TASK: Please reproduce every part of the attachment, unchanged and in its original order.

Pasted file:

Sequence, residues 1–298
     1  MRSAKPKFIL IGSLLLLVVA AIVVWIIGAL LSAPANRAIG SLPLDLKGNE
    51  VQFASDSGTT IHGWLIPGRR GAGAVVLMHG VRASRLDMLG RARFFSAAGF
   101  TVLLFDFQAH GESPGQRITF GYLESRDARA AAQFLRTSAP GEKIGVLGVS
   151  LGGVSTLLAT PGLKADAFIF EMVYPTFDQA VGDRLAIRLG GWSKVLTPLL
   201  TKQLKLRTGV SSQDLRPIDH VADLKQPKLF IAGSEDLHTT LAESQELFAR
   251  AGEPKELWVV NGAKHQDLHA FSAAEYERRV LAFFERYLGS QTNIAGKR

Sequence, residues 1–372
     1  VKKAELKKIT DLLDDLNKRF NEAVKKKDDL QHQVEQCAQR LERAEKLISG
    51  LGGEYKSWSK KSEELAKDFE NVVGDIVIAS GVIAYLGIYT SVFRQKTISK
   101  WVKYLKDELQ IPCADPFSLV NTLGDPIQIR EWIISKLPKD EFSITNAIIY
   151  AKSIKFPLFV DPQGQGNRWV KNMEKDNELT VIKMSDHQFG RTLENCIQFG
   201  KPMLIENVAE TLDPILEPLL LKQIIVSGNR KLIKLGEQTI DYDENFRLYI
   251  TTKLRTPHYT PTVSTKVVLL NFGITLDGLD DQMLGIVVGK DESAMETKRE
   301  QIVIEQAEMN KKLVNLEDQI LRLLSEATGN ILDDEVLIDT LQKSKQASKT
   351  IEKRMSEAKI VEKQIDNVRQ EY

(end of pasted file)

Sequence, residues 1–298
     1  MRSAKPKFIL IGSLLLLVVA AIVVWIIGAL LSAPANRAIG SLPLDLKGNE
    51  VQFASDSGTT IHGWLIPGRR GAGAVVLMHG VRASRLDMLG RARFFSAAGF
   101  TVLLFDFQAH GESPGQRITF GYLESRDARA AAQFLRTSAP GEKIGVLGVS
   151  LGGVSTLLAT PGLKADAFIF EMVYPTFDQA VGDRLAIRLG GWSKVLTPLL
   201  TKQLKLRTGV SSQDLRPIDH VADLKQPKLF IAGSEDLHTT LAESQELFAR
   251  AGEPKELWVV NGAKHQDLHA FSAAEYERRV LAFFERYLGS QTNIAGKR

Sequence, residues 1–372
     1  VKKAELKKIT DLLDDLNKRF NEAVKKKDDL QHQVEQCAQR LERAEKLISG
    51  LGGEYKSWSK KSEELAKDFE NVVGDIVIAS GVIAYLGIYT SVFRQKTISK
   101  WVKYLKDELQ IPCADPFSLV NTLGDPIQIR EWIISKLPKD EFSITNAIIY
   151  AKSIKFPLFV DPQGQGNRWV KNMEKDNELT VIKMSDHQFG RTLENCIQFG
   201  KPMLIENVAE TLDPILEPLL LKQIIVSGNR KLIKLGEQTI DYDENFRLYI
   251  TTKLRTPHYT PTVSTKVVLL NFGITLDGLD DQMLGIVVGK DESAMETKRE
   301  QIVIEQAEMN KKLVNLEDQI LRLLSEATGN ILDDEVLIDT LQKSKQASKT
   351  IEKRMSEAKI VEKQIDNVRQ EY